Ten Commandments

The Secrets of Spiritual Growth Found in God's Principles for Living

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Emanuel Swedenborg
Morgan Beard
B. Erikson Odhner
Jonathan S. Rose
George F. Dole
  • West Chester, PA: 
    Swedenborg Foundation
    , December
     248 pages.
     For other formats: Link to Publisher's Website.


Swedish scientist and visionary Emanuel Swedenborg (1688–1772) writes that the Ten Commandments are the most important part of the Bible. They encapsulate what we need to do to grow as spiritual people, with a meaning that penetrates far beyond the surface level of words and deeds.

One of the fundamentals of Swedenborg’s theology is the concept that underlying the literal text of the Bible is an inner spiritual meaning. Using this method of interpretation, Swedenborg peels back the layers of the Ten Commandments to reveal a cohesive set of teachings with both practical applications and far-reaching spiritual implications.

Although Swedenborg discusses the Ten Commandments in many places throughout his writings, he wrote four extended commentaries on the subject in four separate volumes: Secrets of Heaven (volume 7, published in 1754), True Christianity (1771), the short work Life (1763), and the posthumously published Revelation Explained (1758–1759). Those four commentaries are now being combined in a single volume for the first time, allowing the reader to compare and contrast Swedenborg’s approach across a seventeen-year span.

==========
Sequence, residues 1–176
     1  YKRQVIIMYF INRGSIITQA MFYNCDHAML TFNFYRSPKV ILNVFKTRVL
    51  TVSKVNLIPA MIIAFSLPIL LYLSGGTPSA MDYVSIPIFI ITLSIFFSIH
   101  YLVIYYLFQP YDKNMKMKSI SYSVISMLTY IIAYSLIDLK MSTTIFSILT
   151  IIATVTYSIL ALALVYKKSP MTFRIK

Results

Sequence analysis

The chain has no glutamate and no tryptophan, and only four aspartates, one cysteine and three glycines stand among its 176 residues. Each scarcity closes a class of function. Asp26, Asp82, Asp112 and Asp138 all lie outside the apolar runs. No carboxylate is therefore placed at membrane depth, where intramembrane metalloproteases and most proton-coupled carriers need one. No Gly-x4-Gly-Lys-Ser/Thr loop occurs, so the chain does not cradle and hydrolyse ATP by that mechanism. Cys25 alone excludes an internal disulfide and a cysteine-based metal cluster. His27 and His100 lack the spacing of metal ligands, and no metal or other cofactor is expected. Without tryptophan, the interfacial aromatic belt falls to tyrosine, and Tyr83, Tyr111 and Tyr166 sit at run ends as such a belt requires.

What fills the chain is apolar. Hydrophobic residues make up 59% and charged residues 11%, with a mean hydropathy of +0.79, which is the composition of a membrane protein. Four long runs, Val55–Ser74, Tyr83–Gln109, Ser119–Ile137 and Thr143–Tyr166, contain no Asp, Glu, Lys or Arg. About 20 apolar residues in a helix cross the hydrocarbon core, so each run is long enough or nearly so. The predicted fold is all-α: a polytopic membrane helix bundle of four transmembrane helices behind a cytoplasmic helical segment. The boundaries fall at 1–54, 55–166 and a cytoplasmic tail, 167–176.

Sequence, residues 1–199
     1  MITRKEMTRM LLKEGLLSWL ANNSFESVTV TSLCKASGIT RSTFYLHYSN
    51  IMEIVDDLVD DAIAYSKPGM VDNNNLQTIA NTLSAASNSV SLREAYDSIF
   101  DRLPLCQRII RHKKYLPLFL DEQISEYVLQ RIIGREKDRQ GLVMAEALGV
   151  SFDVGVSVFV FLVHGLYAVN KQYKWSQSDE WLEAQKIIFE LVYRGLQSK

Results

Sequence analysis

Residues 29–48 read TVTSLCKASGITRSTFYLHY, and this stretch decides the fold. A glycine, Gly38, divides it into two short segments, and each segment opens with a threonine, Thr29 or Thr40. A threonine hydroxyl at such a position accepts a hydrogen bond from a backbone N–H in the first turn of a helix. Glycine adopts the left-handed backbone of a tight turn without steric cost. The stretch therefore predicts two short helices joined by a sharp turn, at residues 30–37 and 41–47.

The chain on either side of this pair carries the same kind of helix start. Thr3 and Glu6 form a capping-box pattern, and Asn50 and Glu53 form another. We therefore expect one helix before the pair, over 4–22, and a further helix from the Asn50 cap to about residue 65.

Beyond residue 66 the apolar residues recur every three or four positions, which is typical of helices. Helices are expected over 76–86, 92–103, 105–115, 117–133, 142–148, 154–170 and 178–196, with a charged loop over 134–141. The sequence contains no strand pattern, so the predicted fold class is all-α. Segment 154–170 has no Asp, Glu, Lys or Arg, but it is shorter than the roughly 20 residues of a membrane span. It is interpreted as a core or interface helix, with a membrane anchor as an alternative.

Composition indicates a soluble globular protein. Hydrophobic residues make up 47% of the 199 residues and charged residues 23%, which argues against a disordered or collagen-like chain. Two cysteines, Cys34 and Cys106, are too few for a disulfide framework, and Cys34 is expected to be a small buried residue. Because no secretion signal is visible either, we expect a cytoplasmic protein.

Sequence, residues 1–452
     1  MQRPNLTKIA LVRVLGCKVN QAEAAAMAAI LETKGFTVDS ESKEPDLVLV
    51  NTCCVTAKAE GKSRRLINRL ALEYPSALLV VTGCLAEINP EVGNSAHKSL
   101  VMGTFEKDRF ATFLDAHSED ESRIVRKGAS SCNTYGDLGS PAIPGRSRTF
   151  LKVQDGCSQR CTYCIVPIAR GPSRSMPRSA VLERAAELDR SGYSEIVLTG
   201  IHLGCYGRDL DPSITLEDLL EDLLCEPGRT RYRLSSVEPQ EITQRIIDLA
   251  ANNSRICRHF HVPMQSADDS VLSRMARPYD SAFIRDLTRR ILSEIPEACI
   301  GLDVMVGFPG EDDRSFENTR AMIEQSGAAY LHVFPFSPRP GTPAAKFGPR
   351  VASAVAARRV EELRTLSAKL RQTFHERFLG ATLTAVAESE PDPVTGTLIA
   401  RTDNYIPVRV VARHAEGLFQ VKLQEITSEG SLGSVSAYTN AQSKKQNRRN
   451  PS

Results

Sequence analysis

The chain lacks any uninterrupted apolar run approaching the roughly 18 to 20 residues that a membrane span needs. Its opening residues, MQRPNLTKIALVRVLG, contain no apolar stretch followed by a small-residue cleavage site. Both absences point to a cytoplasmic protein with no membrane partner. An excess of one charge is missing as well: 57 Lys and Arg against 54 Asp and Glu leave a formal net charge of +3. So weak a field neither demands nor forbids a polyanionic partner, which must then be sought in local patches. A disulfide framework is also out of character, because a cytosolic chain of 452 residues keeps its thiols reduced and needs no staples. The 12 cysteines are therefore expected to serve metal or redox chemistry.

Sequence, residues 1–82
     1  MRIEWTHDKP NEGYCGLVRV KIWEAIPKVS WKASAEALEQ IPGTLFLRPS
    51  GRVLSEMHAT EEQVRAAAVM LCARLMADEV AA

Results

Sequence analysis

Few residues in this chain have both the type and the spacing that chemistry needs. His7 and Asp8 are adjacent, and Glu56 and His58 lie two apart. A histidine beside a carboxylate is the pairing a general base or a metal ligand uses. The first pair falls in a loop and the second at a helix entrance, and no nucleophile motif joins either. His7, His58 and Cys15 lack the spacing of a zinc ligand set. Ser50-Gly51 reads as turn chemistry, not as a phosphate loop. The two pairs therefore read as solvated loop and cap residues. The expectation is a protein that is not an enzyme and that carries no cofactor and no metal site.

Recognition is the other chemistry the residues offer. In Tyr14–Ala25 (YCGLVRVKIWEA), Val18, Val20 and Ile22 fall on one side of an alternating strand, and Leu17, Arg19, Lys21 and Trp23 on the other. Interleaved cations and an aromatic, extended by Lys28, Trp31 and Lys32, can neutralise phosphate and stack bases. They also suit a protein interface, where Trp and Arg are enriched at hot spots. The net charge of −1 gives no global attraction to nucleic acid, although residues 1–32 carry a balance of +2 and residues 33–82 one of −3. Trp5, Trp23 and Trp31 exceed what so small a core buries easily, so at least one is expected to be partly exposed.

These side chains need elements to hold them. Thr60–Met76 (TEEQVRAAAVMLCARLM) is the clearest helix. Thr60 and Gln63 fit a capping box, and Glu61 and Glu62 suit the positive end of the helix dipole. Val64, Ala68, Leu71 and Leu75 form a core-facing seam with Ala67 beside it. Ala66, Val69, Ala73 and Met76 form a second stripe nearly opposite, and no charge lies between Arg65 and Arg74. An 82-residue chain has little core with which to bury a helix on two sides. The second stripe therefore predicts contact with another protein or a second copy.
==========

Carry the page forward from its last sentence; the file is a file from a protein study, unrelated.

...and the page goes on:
This book offers new insights for spiritual seekers and students of Swedenborg alike, illuminating what is at once a familiar set of biblical teachings and one of the cornerstones of Swedenborg’s system of personal growth.

About the Author(s)/Editor(s)/Translator(s): 

Emanuel Swedenborg (1688-1772) was a Swedish scientist, nobleman, and theologian who spent his life investigating the mysteries of the soul. Born in Stockholm to a staunchly Lutheran family, he graduated from the University of Uppsala and then traveled to England, Holland, France, and Germany to study the leading scientists of the time. He gained favor with Sweden’s King Charles XII, who gave him a position as an overseer of the Swedish mining industry. Later, he was granted a seat in the Swedish House of Nobles by Charles XII’s successor, Queen Ulrika Eleonora. Between 1743 and 1745 he began to have visions of heaven, hell, and Jesus Christ that resulted in a stream of books about the nature of God, the afterlife, and the inner meaning of the Bible. He devoted the last decades of his life to studying Scripture and presenting his own unique theology to the world.

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